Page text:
Freshen up. Carpets tend to trap odors, which may be a frequent occurrence if you have pets and/or small children. Let your vacuum do double duty as a deodorizer by first sprinkling the carpet with baking soda, then letting it sit for several hours (keep kids and pets away). This will allow the baking soda to absorb any odors. Then simply vacuum it up!

Use aromatherapy. Dip a cotton ball in your favorite essential oil, then pop it into your vacuum’s canister. This will diffuse the scent throughout your house as you vacuum.

Remove dents. If you want to rearrange your furniture, you’ll be left with dents in the carpet to contend with, left behind by the legs of the table or chair you’re moving. To undo a carpet dent, place an ice cube in the spot and let it melt. Soak up the water left behind, which will help the smushed carpet fibers expand, then vacuum the spot to lift the dent out.

Rescue jewelry. If you’ve dropped an earring back or ring on the floor—especially on a carpet—your vacuum can save the day. Simply place an old stocking over the nozzle of your vacuum, then secure it with a rubber band. Vacuum the area where you dropped your jewelry and it will cling to the stocking without getting sucked into the canister.

6 Ways to Make a Room Look Bigger

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Maybe you rent a small apartment in the city. Or maybe your forever home features smaller rooms. Instead of spending more money on a larger space or knocking down a wall, you can make a room feel larger with a mix of design and creativity. Maximize every inch of your space with these beginner and budget-friendly decorating tips.

Hang Curtains High
Instead of mounting your curtain rods just above the top of your windows, move up about five to six inches higher. This will create length to the wall, giving off the impression that the ceiling is higher than it actually is. Be sure to use curtains that reach the floor to highlight this illusion.

Bring in the Light
Darkness can be uninviting and create the sense of a small space. In regards to your curtains, letting in a lot of natural light is a great way to make a room feel larger. Use sheer panels instead of opaque or light blocking curtains. Choosing warming LED light bulbs for lamps and overhead lighting create the look of natural and comfortable light without being too bright or too dark.

Utilize Built-In Storage
Built-in bookshelves or cabinets allow for maximum storage space and minimal clutter. If your home doesn’t already have this, you can build it yourself. Or, utilize furniture with hidden storage, such as ottomans, benches and coffee tables to help clear up clutter and add more space.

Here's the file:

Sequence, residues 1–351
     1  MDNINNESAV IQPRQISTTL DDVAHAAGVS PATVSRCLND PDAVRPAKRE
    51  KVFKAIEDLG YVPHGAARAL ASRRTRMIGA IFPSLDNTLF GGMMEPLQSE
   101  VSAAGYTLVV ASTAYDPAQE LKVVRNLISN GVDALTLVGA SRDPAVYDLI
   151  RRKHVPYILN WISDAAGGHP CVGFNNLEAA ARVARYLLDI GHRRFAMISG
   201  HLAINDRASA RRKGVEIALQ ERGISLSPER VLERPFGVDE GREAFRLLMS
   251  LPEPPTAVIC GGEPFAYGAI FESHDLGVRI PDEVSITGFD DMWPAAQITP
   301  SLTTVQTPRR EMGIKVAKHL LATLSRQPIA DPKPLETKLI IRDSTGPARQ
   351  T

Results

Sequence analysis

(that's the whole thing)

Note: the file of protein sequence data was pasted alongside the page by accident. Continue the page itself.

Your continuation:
Put Up Mirrors
Similar to windows, mirrors give the illusion of a larger space. Hanging a few, or even one, on your wall essentially doubles the space of the room in the reflection, adding dimension and depth. If your room has limited light, hang the mirror across from the window, projecting more natural light throughout the space from a new angle.

Choose the Right Rug
Rugs provide not only comfort, but design and style, to a room. Size your rugs to each respective room to optimize the space. To create depth in a room, go for one large rug, leaving about six to 12 inches of space from the wall. For a room heavy in furniture, such as a bedroom or living room, utilizing smaller rugs to break up the space, creating separate sections and areas.

Paint with Light Colors 
The color of a room plays a large part in the illusion of size. When rooms are painted with darker colors, or even a patterned wallpaper, it can feel overwhelming and give off the feel of a smaller space. To maximize the size, painting with lighter colors, like white, grey, light blue, beige projects a spacious feel. To bring in some color, play with an accent wall, throw pillows and blankets and artwork without losing depth.

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Financial Moves to Make After Closing

By John Voket

For first-time homebuyers, the lead up to and through move-in day demands the level of energy one might expend training for a marathon—or scaling Mount Everest! So it’s not unusual or uncommon for new homeowners to lose sight of the necessary steps they need to take to ensure their financial foundation is as solid and long-lasting as the one under their new home.

Rebecca Lake at Investopedia.com reminds new homeowners that financial planning doesn’t stop once you sign off at the closing table—homeowners must protect their investment.

Check out the following information from this panel of experts aimed at helping new homeowners survive and thrive in their new residence:

Maintenance Cushion
A Bankrate survey estimates the average homeowner will spend an extra $2,000 per year on maintenance, including landscaping, housekeeping and minor repairs, so that’s a good financial cushion to plan for. That amount, however, doesn’t cover larger expenses you may encounter, like having to replace an HVAC system or roof, both of which can easily surpass $5,000.

Homeownership Savings